• The light switch is easy to reach

Electrical outlets

  • My outlets are at least 27 inches from the floor
  • All my appliances are within 6 inches of an outlet.
  • I can turn on a lamp in each room with a switch at the door.
  • I try not to use extension cords.

Laundry rooms

  • My laundry room is on the first floor.
  • All supplies are easy to reach
  • My washing machine is front-loading.

Lighting

  • I open curtains and blinds to make full use of natural light.
  • My reading chair is near a window.
  • I use the highest-wattage bulbs.
  • I have outside lights that turn on automatically
  • My windows are clean

I recently spoke with a retired physical therapist who noted that some physical therapists are making home visits to help older adults remain safely in their homes. You might consider asking for such a visit from your mother’s physical therapist.

Since you are the first-line care provider, consider joining a group for tips, insights, resources and support.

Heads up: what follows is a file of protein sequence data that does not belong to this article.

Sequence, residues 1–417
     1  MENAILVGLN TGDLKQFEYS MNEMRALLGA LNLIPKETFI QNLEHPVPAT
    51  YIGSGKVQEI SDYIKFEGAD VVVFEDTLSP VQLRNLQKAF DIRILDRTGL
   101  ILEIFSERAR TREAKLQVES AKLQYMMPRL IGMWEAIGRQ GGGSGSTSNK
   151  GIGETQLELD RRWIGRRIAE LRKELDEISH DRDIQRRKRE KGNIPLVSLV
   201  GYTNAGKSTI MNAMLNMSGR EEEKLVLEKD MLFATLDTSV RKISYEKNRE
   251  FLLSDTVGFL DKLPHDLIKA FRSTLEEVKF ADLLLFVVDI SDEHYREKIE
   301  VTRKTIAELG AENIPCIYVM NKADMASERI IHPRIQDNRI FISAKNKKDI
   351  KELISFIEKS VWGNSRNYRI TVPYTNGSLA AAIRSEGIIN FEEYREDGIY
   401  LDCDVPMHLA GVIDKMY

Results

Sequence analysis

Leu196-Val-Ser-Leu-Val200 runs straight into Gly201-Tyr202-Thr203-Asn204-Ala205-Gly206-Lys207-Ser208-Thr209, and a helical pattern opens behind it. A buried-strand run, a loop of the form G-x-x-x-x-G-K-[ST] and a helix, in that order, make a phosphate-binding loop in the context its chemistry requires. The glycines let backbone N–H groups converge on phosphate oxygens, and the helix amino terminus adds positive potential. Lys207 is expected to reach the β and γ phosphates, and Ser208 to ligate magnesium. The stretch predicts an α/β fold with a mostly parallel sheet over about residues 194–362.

© Helen Dennis 2010, all rights reserved.

In focusing on what you can do to make your home safe, let’s begin with the concept of home modification and universal design.

Universal design accommodates all – from small children to older people. What is safe for an older adult is safe for younger and mid-life adults. You may have noticed that most hotels have grab bars in the bathrooms. At one time, such bars were intended for those with a disability. Now they are for all abilities.

Businesses are catering to designs of safety. These include home builders, cabinetmakers, manufacturers of kitchen appliances and bathroom fixtures.

The National Institute on Aging writes that “falls and accidents seldom just happen.” There are ways to prevent, or at least decrease, chances of falling. Making your home safe is one way. Here are some recommendations from the NIA:

In stairways, hallways and pathways: Have good lights with light switches at the top and bottom of the stairs; keep walking areas free of clutter; have carpets fixed to the floor and add no-slip strips on tile and wooden floors; and install handrails on both sides of the stairway.